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In the Matter of the Claim v. Gordon I. Ito

IN THE INTERMEDIATE COURT OF APPEALS OF THE STATE OF HAWAII


April 22, 2013

IN THE MATTER OF THE CLAIM, EARL ROMAN, CLAIMANT/APPELLANT-APPELLANT,
v.
GORDON I. ITO, INSURANCE COMMISSIONER, INSURANCE DIVISION, DEPARTMENT OF COMMERCE AND CONSUMER AFFAIRS, STATE OF HAWAII, RESPONDENT/APPELLEE-APPELLEE

APPEAL FROM THE CIRCUIT COURT OF THE FIRST CIRCUIT (CIVIL NO. 11-1-0058-01)

NOT FOR PUBLICATION IN WEST'S HAWAII REPORTS AND PACIFIC REPORTER

MEMORANDUM OPINION

(By: Foley, Presiding J., Fujise and Leonard, JJ.)

Claimant/Appellant-Appellant Earl Roman (Roman) appeals from the July 5, 2011 "Order Denying Claimant-Appellant Appeal And Affirming The Insurance Commissioner's Jurisdictional Abstention" and the February 16, 2012 "Judgment" both entered in the Circuit Court of the First Circuit *fn1 (circuit court) in favor of Respondent/Appellee-Appellee Gordon I. Ito, Insurance Commissioner, Insurance Division, Department of Commerce and Consumer Affairs, State of Hawaii (Insurance Commissioner).

I. BACKGROUND

Roman was struck by a vehicle on February 18, 2010.

Government Employees Insurance Company (GEICO) insured the vehicle under a policy that included both personal injury protection (PIP) and additional personal injury protection (APIP). The policy's terms limited PIP benefits to $10,000, which GEICO paid to Roman. Roman also claimed $20,000 in APIP benefits. However, GEICO asserted that under the policy language Roman was not eligible for APIP coverage, and it disputed Roman's claim for $20,000.

On August 25, 2010, Roman filed a complaint to the Insurance Division, challenging GEICO's determination that he did not qualify for APIP benefits and requesting a hearing. The Insurance Commissioner denied Roman's hearing request, stating the Insurance Division lacked jurisdiction over Roman's claims. On January 12, 2011, Roman filed a notice of appeal in the circuit court pursuant to Hawaii Revised Statutes (HRS) § 91- 14 (2012 Repl.). The circuit court heard oral argument on June 16, 2011. The circuit court then entered the July 5, 2011 "Order Denying Claimant-Appellant Appeal And Affirming The Insurance Commissioner's Jurisdictional Abstention" and the February 16, 2012 "Judgment," affirming the Insurance Commissioner's decision. Roman filed a timely notice of appeal on March 14, 2012. On appeal, Roman contends he is entitled to an administrative hearing before the Insurance Commissioner.

II. STANDARD OF REVIEW

Review of a decision made by the circuit court upon its review of an agency's decision is a secondary appeal.

In an appeal from a circuit court's review of an administrative decision the appellate court will utilize identical standards applied by the circuit court. . . . [A]n agency's legal conclusions are freely reviewable.

Hawaii Teamsters & Allied Workers, Local 996 v. Dep't of Labor & Indus. Relations, 110 Hawaii 259, 265, 132 P.3d 368, 374 (2006) (internal quotation marks and citations omitted).

III. DISCUSSION

Pursuant to HRS § 431:10C-212 (2005 Repl.), the Insurance Commissioner's jurisdiction is limited to "review[ing] any denial of [PIP] benefits" made pursuant to HRS § 431:10C- 304(3) (B). Under HRS § 431:10C-212, the Insurance Commissioner has the authority to "[a]ffirm the denial or reject the denial and order the payment of benefits as the facts may warrant," and to "assess the cost of the hearing upon either or both of the parties." HRS § 431:10C-212(c)(3), (d).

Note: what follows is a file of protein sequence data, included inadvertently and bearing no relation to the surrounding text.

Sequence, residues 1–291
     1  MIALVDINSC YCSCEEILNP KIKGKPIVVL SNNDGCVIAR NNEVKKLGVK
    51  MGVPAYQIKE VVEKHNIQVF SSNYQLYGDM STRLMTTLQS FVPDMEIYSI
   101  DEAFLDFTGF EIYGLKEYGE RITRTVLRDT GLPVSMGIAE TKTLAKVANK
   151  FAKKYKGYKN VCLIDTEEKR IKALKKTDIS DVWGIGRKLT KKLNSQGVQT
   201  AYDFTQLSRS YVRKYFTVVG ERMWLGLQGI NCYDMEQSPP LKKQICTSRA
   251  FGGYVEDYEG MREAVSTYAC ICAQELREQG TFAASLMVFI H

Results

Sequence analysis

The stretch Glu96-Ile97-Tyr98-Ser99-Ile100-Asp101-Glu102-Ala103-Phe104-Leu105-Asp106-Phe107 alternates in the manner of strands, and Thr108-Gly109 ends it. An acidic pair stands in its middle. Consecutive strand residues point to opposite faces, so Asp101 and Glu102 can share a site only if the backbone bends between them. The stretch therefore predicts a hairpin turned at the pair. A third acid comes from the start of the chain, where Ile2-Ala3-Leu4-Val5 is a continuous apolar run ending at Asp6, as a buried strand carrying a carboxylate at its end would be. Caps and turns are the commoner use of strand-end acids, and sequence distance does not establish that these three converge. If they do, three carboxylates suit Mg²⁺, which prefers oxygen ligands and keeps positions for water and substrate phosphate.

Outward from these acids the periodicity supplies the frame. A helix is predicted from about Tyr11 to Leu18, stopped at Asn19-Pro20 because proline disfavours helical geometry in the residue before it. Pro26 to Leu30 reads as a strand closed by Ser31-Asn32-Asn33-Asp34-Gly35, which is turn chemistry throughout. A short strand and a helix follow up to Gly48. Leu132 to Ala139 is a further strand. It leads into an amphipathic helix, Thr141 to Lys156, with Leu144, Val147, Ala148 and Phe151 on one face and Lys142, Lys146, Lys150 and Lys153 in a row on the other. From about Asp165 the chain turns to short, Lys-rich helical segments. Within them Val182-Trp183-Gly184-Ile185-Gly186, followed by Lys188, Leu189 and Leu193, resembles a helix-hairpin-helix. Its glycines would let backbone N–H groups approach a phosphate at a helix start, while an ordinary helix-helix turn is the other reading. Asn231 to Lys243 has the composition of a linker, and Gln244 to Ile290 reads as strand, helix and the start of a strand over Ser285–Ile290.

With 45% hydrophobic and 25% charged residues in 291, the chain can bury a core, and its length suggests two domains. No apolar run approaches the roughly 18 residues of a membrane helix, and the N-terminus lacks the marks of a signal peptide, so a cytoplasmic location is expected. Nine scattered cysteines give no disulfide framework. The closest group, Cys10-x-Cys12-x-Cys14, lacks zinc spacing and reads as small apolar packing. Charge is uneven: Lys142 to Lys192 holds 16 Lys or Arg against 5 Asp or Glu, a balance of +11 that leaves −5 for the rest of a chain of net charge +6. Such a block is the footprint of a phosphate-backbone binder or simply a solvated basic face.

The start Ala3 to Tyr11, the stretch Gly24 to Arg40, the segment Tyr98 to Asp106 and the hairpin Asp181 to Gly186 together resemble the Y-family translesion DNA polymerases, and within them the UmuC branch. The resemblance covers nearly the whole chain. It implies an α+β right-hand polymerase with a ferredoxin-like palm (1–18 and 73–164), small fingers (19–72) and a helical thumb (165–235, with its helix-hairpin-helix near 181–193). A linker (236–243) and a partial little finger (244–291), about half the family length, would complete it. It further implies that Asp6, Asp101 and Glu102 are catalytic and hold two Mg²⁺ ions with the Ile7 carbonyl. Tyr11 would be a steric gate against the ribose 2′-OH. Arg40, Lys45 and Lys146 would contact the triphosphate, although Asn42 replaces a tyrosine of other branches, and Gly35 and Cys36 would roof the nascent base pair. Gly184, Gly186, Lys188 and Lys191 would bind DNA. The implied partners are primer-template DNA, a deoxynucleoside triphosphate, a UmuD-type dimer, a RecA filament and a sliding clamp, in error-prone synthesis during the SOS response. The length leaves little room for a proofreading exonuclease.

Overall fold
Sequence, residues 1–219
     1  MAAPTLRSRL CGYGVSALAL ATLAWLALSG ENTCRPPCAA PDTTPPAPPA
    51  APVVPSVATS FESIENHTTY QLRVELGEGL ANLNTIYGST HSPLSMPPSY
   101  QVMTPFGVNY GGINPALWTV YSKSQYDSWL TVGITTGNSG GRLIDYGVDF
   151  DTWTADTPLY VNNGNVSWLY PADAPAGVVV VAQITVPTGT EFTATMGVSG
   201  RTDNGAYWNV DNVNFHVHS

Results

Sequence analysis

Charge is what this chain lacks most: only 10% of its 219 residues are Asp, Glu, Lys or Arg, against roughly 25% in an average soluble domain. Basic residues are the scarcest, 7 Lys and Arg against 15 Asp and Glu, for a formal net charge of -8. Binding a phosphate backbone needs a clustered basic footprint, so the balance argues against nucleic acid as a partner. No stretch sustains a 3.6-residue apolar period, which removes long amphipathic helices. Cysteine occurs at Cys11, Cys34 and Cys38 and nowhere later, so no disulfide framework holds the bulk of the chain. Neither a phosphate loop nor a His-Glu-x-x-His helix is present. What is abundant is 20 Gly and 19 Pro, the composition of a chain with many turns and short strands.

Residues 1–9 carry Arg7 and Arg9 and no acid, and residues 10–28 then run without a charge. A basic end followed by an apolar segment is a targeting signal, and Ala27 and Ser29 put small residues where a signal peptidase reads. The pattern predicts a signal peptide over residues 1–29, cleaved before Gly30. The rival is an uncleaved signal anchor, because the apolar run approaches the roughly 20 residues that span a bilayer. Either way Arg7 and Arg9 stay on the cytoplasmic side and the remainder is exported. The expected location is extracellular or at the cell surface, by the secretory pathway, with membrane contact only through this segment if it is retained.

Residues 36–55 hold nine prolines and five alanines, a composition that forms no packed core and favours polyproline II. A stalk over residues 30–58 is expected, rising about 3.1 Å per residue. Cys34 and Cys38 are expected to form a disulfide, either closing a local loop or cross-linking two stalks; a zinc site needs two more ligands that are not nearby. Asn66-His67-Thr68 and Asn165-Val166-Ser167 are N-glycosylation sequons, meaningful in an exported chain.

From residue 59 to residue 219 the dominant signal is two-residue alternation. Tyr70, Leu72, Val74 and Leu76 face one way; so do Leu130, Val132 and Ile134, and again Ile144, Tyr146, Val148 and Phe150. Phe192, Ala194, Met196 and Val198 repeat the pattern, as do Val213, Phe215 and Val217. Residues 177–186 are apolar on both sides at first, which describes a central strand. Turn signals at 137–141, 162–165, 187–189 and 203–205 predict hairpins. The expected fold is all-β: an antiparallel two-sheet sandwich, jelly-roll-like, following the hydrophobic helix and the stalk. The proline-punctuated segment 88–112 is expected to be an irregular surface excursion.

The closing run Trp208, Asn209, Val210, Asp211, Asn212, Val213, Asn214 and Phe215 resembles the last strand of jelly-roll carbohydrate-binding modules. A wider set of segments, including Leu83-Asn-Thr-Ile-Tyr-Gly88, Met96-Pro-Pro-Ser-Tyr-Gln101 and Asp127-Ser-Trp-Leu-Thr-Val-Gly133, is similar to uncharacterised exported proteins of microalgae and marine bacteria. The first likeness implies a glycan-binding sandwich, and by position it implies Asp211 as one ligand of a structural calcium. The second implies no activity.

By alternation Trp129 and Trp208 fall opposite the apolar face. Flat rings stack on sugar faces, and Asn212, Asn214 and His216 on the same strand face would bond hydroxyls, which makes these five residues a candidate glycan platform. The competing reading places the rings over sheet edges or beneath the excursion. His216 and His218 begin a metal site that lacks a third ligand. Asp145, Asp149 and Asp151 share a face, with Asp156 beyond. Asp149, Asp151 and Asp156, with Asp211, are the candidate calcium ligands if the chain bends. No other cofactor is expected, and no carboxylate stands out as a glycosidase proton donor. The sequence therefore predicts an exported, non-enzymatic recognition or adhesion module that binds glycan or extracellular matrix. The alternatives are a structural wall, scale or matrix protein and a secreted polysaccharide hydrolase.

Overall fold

Here, GEICO did not deny Roman's claim for PIP benefits, but it refused to extend APIP coverage based on its interpretation of the insurance policy. Roman's complaint to the Insurance Division asserted that he is entitled to APIP coverage, and he raised several equitable claims. Specifically, Roman argued a portion of the policy agreement is "void as a matter of law," and the doctrines of waiver and estoppel apply against GEICO and prevent GEICO from disclaiming APIP coverage to Roman. However, such claims are not within the Insurance Commissioner's powers of administrative review. Nothing in HRS § 431:10C-212 or in HRS Chapter 431:10C (2005 Repl.) gives the Insurance Commissioner the authority to order an insurer to provide coverage (as opposed to benefits) when the insurer disclaims coverage under the insurance policy. The Insurance Commissioner also lacks the statutory authority to provide the equitable relief Roman requested. An administrative agency can only wield powers delegated to it by the legislature, and "an agency cannot exercise general or common law powers." Preble v. Bd. of Trustees of Employees' Ret. Sys. of State of Hawaii, 111 Hawaii 498, 505, 143 P.3d 37, 44 (2006) (internal quotation marks omitted). Therefore, the circuit court did not err when it affirmed the Insurance Commissioner's denial of an administrative hearing.

IV. CONCLUSION

The July 5, 2011 "Order Denying Claimant-Appellant Appeal And Affirming The Insurance Commissioner's Jurisdictional Abstention" and the February 16, 2012 "Judgment" both entered in the Circuit Court of the First Circuit are affirmed.

Presiding Judge Associate Judge Associate Judge


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